Who are the Victims? Victims are overwhelmingly young women or girls from Latin America.

  • 96 percent of potential victims were female, typically from Mexico or Central America.
  • 63 percent were minors. Traffickers in cantinas are eager to target young girls.

Who are the Traffickers? Traffickers are typically Latino males and may also be U.S. citizens.

  • 67 percent of traffickers were male, but nearly a third were women.
  • 70 percent were of Latin American descent, and at least 35 percent were U.S. citizens.

Means of Control: Threats, physical abuse, and sexual abuse are rampant in cases involving cantinas and bars. Traffickers often use multiple tactics to control their victims.

  • 62 percent of potential victims were confined or physically isolated in some way.
  • 51 percent reported economic abuse – including wage theft or the imposition of unattainable debts – but the real figure is likely much higher.

Recruitment: Traffickers trick and lure vulnerable young women and girls fleeing violence in their home countries or seeking better opportunities into violent trafficking situations in the U.S.

  • 34 percent of potential victims were recruited through smuggling-related tactics. But some victims may not even realize they are crossing the border illegally.
  • At least 29 percent received fake job offers, only learning the real nature of the work on arrival.

Access Points: Victims occasionally have access to people and agencies who could help them.

  • 31 percent reported commercial sex clients as a primary point of access to help.
  • 14 percent interacted with law enforcement or immigration officials, but in most cases, this contact did not lead to their identification as victims.
  • 19 percent reported accessing health care services, but the real figure is likely higher.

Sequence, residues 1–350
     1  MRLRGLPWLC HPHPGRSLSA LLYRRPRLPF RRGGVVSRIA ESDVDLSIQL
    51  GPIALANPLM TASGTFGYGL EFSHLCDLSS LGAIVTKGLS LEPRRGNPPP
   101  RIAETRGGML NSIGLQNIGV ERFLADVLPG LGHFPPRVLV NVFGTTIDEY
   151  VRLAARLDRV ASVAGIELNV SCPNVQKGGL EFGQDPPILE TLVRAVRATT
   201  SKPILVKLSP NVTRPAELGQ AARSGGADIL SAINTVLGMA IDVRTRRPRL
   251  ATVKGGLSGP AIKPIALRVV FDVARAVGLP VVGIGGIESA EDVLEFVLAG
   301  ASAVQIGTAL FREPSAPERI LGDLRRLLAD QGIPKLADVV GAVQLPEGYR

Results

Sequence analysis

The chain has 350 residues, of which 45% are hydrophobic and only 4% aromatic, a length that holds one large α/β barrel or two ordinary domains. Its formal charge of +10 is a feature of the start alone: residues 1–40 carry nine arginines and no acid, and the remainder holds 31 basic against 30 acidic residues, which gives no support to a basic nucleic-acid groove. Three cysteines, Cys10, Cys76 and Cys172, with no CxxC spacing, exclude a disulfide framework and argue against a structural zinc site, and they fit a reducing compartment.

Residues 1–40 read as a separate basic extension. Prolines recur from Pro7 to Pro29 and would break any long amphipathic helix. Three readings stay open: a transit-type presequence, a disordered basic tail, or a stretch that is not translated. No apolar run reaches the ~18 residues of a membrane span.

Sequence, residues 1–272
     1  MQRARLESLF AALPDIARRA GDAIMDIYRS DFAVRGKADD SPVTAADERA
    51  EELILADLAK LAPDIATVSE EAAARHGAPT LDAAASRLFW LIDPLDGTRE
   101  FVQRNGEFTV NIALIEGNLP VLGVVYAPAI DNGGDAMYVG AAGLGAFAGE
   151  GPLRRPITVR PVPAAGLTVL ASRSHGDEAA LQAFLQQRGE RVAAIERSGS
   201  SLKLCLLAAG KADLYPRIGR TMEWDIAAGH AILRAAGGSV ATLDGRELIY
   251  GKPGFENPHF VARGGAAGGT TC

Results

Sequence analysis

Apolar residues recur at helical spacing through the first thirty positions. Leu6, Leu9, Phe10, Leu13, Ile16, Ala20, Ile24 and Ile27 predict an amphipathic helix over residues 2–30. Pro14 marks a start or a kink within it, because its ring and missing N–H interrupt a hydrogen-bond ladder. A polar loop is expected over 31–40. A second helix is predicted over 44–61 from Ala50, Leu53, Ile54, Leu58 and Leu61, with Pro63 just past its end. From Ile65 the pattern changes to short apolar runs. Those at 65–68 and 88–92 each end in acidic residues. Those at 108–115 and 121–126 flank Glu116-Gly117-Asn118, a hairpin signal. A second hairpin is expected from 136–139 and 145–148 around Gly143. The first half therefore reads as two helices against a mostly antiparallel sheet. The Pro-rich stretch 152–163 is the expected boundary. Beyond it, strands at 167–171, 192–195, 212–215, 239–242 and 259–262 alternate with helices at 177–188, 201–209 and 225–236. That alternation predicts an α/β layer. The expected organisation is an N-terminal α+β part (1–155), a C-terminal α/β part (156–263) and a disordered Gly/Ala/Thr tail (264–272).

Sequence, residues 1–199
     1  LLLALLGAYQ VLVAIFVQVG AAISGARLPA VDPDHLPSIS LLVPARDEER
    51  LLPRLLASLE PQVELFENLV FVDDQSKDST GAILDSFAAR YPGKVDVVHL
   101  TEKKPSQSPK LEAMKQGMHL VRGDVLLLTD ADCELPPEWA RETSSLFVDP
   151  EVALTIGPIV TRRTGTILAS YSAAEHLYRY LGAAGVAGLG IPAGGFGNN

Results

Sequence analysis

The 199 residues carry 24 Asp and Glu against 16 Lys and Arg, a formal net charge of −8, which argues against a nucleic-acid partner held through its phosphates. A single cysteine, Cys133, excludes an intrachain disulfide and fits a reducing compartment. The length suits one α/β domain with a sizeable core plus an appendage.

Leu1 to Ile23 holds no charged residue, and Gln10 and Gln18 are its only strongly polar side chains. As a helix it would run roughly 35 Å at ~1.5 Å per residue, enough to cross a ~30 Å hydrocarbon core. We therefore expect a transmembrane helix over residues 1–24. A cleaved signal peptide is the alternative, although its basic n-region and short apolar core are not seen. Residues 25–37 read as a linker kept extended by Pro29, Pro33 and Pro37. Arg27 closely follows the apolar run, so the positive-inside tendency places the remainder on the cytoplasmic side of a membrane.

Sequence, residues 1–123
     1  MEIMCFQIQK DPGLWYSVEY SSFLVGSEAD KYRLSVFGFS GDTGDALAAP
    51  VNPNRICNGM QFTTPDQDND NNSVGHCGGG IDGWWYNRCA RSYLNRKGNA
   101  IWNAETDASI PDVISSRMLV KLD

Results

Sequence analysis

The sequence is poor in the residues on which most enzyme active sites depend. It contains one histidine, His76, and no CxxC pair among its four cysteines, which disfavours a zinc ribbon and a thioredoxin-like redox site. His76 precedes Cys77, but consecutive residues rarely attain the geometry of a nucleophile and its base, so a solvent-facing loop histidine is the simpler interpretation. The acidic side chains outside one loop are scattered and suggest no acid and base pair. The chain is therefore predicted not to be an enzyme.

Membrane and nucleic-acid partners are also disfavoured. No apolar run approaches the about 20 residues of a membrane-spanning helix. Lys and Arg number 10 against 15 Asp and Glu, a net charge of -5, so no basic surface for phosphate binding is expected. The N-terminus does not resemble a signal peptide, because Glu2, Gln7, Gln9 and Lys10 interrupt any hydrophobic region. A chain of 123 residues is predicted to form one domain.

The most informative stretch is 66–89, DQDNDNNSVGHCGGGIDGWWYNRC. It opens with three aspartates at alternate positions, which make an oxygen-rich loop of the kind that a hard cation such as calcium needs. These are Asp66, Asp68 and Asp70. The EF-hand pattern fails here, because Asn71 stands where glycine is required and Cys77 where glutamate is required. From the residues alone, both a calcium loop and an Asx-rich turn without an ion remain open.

More than Drinks for Sale outlines specific steps various stakeholders can take to fight sex trafficking in U.S. cantinas and bars, as well as in a broad range of venues. Polaris stresses the urgent need for bilateral cooperation between government agencies and law enforcement, and between service providers and community partners on both sides of the border.

To receive help or report suspected human trafficking, call the National Human Trafficking Resource Center at 1-888-373-7888 or send a text to Polaris at “BeFree” (233733).

About Polaris
Polaris is a leader in the global fight to eradicate modern slavery. Named after the North Star that guided slaves to freedom in the U.S., Polaris acts as a catalyst to systemically disrupt the human trafficking networks that rob human beings of their lives and their freedom. By working with government leaders, the world's leading technology corporations, and local partners, Polaris equips communities to identify, report, and prevent human trafficking. Our comprehensive model puts victims at the center of what we do – helping survivors restore their freedom, preventing more victims, and leveraging data and technology to pursue traffickers wherever they operate. Learn more at www.polarisproject.org